According to a Treasury Inspector General testimony, between 2014 and 2016, nearly 880,000 high-income people owing more than $45 billion failed to file their taxes, and the IRS is unlikely to go after them. Audits of the rich continue to drop while audits of the poor have stayed the same.
On the poorest households in America. The relevant statistics come to us via TRAC, a nonprofit research data center at Syracuse University. TRAC recently mined IRS statistics and determined that the agency audits households with less than $25,000 in income at five times the rate for anyone else.
We usually don't go back more than the last six years. The IRS tries to audit tax returns as soon as possible after they are filed. Accordingly most audits will be of returns filed within the last two years. If an audit is not resolved, we may request extending the statute of limitations for assessment tax.
If there is an anomaly, that creates a “red flag.” The IRS is more likely to eyeball your return if you claim certain tax breaks, deductions, or credit amounts that are unusually high compared to national standards; you are engaged in certain businesses; or you own foreign assets.
If you deliberately fail to file a tax return, pay your taxes or keep proper tax records – and have criminal charges filed against you – you can receive up to one year of jail time. Additionally, you can receive $25,000 in IRS audit fines annually for every year that you don't file.
The six-year rule allows for payment of living expenses that exceed the Collection Financial Standards, and allows for other expenses, such as minimum payments on student loans or credit cards, as long as the tax liability, including penalty and interest, can be full paid in six years.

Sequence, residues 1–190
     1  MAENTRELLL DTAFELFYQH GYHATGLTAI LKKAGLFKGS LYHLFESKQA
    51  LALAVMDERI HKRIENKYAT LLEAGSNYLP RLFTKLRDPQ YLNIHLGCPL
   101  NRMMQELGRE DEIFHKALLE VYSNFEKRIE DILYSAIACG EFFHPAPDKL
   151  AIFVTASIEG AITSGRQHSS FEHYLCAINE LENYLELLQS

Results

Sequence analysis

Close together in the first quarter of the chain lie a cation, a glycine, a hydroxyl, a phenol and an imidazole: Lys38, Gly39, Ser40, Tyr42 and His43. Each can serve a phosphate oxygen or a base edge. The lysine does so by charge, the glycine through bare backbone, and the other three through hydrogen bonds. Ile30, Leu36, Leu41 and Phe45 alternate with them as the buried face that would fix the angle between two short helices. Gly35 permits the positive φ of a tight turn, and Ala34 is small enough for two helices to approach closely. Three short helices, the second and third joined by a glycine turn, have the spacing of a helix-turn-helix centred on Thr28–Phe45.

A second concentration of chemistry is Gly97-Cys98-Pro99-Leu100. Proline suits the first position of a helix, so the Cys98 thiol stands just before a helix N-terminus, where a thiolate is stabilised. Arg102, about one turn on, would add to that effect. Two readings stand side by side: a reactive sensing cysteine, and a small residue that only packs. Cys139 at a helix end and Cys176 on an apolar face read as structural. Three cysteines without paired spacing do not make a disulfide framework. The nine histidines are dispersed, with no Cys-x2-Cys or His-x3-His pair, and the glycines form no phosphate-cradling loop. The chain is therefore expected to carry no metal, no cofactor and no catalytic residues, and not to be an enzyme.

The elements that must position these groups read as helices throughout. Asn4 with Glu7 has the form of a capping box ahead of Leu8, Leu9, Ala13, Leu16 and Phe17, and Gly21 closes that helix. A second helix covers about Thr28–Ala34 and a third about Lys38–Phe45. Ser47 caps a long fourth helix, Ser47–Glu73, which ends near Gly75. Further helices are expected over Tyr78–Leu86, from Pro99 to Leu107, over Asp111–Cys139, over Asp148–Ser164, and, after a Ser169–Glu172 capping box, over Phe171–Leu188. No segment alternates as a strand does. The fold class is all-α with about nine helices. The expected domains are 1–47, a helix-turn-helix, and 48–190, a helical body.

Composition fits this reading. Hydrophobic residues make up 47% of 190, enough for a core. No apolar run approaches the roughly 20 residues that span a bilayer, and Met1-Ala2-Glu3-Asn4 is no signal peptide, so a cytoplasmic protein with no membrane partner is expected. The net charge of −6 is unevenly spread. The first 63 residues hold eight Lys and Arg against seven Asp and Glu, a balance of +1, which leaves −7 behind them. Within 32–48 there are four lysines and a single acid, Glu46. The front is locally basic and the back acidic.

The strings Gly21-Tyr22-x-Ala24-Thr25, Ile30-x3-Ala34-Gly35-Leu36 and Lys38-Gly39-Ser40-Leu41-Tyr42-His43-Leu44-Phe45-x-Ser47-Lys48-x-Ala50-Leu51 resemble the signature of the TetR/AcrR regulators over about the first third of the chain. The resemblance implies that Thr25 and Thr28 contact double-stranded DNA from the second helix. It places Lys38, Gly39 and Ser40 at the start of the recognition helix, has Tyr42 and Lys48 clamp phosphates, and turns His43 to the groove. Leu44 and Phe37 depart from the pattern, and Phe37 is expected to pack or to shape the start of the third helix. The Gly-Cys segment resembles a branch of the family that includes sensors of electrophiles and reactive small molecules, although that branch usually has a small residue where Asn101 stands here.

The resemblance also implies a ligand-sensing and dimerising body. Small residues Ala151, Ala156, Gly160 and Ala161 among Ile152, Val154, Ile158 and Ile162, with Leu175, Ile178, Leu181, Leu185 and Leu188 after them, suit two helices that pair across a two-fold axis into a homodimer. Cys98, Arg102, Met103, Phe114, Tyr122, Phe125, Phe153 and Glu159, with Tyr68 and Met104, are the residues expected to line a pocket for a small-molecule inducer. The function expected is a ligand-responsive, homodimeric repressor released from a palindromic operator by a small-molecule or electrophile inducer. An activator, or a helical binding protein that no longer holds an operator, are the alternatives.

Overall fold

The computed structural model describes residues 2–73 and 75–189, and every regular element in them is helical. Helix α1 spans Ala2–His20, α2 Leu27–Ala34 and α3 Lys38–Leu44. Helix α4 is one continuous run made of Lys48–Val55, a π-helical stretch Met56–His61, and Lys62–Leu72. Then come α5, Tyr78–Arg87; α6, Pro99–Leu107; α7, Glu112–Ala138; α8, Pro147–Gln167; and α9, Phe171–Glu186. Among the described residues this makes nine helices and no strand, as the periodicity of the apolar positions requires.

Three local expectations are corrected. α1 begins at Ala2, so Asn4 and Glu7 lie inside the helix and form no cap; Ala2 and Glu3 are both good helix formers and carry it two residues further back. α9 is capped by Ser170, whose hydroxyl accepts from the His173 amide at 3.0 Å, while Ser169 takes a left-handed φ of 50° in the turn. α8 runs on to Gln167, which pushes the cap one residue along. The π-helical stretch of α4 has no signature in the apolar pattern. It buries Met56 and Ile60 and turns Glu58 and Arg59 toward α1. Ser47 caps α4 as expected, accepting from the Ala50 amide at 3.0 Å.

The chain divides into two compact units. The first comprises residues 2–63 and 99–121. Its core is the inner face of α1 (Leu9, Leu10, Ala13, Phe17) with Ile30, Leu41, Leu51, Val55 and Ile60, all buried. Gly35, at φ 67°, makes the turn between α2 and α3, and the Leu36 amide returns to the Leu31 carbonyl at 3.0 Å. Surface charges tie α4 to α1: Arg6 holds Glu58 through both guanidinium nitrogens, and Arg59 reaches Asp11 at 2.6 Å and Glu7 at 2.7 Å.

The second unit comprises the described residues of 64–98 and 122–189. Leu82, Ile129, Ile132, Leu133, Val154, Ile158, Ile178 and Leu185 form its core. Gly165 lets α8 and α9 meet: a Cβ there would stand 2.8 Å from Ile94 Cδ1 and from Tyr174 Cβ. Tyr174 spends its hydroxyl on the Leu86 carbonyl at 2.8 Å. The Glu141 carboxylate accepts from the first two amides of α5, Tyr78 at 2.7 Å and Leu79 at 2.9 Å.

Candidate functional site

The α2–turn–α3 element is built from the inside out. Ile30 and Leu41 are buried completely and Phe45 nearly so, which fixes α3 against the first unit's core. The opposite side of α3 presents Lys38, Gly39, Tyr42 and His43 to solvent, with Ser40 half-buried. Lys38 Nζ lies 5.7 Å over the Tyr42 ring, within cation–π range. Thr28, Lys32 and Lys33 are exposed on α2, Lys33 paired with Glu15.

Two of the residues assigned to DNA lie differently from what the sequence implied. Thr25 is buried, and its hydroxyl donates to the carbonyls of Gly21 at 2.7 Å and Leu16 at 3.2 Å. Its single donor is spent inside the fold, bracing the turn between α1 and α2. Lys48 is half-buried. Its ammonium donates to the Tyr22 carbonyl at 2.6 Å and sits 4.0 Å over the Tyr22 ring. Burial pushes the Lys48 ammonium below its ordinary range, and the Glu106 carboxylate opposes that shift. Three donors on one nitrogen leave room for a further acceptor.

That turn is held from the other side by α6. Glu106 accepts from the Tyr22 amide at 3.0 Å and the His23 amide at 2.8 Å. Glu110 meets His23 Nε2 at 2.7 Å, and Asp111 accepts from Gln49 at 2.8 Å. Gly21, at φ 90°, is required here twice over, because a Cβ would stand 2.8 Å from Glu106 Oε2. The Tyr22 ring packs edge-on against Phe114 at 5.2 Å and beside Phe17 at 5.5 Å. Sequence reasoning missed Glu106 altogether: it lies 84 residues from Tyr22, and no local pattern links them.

Fortunately, you don't need to worry about that happening. According to the IRS, most tax audits are regarding returns filed within the last three years. If they find a substantial error, they may add more years. But even then, they seldom go back more than six years.
Audits can be bad and can result in a significant tax bill. But remember – you shouldn't panic. There are different kinds of audits, some minor and some extensive, and they all follow a set of defined rules. If you know what to expect and follow a few best practices, your audit may turn out to be “not so bad.”
In most cases, a Notice of Audit and Examination Scheduled will be issued. This notice is to inform you that you are being audited by the IRS, and will contain details about the particular items on your return that need review. It will also mention the records you are required to produce for review.
Key Takeaways. Your tax returns can be audited even after you've been issued a refund. Only a small percentage of U.S. taxpayers' returns are audited each year. The IRS can audit returns for up to three prior tax years and, in some cases, go back even further.
What happens if you get audited and owe money? If you get audited by the IRS and owe money, you'll be notified of the additional tax that you're required to pay as well as any penalties and interest due. The correspondence that you receive from the IRS will mention a deadline by which you must pay.